These two recent examples, along with other instances of well-known literary works and characters becoming entangled in litigation arising out of attempts to exercise similar statutory termination rights, demonstrate the importance of a detailed analysis of the “chain of title” documents that evidence ownership in a book, comic book, play, screenplay or other form of literary or other property, and the motion pictures, television series, video games, theme park attractions, merchandise and other creations that may be based thereon, in addition to all applicable statutes, regulations and case law, whether in the context of a potential sale or acquisition of an entire company or with respect the exploitation of a single but valuable property, such as “Superman.”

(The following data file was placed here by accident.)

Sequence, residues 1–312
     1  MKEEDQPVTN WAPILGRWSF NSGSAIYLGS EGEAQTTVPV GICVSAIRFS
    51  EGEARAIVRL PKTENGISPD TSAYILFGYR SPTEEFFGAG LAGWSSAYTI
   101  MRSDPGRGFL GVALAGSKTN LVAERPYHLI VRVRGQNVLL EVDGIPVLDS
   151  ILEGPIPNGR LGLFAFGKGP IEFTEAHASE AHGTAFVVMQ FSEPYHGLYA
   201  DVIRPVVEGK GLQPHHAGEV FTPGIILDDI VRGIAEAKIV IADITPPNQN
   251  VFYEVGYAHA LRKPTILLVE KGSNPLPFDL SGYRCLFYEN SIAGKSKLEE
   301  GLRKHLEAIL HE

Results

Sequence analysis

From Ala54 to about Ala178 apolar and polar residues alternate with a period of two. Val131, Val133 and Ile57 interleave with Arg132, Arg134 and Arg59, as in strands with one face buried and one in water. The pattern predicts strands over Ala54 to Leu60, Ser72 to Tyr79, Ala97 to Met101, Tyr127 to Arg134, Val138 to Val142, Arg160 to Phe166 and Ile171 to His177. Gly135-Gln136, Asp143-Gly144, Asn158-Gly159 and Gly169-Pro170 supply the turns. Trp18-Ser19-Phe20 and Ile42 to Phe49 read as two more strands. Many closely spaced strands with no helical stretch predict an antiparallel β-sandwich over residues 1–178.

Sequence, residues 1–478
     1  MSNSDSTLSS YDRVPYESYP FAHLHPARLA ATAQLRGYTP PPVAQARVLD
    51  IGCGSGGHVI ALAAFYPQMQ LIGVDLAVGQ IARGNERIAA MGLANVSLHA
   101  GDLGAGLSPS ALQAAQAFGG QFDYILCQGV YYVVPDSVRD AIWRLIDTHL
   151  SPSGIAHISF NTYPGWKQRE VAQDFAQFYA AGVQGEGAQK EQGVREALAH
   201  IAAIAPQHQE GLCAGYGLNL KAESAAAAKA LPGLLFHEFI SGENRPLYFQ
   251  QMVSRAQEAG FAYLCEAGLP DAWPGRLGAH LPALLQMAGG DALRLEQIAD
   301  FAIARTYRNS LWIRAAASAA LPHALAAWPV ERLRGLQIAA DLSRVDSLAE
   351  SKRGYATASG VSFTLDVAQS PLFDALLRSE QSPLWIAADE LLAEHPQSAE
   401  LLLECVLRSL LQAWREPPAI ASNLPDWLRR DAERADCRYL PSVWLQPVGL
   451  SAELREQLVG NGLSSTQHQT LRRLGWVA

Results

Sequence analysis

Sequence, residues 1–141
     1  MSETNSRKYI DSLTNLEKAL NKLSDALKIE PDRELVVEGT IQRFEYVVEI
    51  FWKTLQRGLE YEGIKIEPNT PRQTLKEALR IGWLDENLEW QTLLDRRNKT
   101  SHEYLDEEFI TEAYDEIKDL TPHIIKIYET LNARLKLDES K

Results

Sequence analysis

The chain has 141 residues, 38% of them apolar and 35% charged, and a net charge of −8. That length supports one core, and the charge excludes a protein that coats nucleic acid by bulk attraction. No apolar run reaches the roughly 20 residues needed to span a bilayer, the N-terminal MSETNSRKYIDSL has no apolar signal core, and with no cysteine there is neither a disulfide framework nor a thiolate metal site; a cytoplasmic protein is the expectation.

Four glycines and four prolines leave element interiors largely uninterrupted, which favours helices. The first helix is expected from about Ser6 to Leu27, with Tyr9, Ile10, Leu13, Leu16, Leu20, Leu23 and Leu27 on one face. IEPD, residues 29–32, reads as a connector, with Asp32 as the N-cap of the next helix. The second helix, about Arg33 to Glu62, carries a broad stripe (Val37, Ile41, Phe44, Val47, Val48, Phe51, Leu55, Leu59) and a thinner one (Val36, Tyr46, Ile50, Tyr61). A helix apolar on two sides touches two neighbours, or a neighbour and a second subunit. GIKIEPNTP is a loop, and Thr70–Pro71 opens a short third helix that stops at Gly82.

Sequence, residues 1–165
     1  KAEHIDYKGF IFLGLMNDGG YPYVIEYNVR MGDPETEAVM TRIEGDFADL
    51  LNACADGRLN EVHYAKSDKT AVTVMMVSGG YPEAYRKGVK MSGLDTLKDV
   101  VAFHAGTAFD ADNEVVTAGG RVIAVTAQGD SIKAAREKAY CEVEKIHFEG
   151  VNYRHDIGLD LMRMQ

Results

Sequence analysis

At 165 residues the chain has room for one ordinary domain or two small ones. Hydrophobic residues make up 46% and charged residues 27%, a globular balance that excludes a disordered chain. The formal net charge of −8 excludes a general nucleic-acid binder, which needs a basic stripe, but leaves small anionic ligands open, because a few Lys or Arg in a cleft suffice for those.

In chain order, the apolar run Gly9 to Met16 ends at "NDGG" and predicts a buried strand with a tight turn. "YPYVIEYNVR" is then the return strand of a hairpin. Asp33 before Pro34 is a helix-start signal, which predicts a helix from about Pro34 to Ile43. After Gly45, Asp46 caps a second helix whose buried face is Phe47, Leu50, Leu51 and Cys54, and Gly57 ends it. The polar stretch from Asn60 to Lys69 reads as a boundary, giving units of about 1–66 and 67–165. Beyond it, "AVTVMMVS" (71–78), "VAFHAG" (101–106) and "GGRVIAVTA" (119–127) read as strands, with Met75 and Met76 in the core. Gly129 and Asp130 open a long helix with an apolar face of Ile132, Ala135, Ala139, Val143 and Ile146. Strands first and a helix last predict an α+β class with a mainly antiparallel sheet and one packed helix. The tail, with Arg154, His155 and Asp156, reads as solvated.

The Copyright Act affords authors and their heirs two separate rights to terminate grants of a transfer or license of copyright, depending on when the work at issue became subject to copyright. Section 203 applies with respect to transfers executed by the author on or after the effective date of the Copyright Act, i.e., January 1, 1978. In the case of any work other than a “work made for hire,” the exclusive or nonexclusive grant of a transfer or license of copyright or of any right under a copyright, executed by the author on or after such date (other than by will), can be terminated by the author or his heirs during a five-year window that commences 35 years after execution of the grant, on at least two (but no more than ten) years advance written notice to the grantee or his successor. Once effective, the termination does not affect the grantee’s right to exploit derivative works that were created prior to the termination date, but it does terminate the right to create any future derivative works based on the same underlying property. The termination right was created by Congress for public policy reasons, to allow authors who may have entered into unremunerative arrangements when initially licensing a work a “second bite at the apple” if the work proved more successful than originally envisioned. As the House Report on this section notes, a “provision of this sort is needed because of the unequal bargaining position of authors, resulting in part from the impossibility of determining a work’s value until it has been exploited.”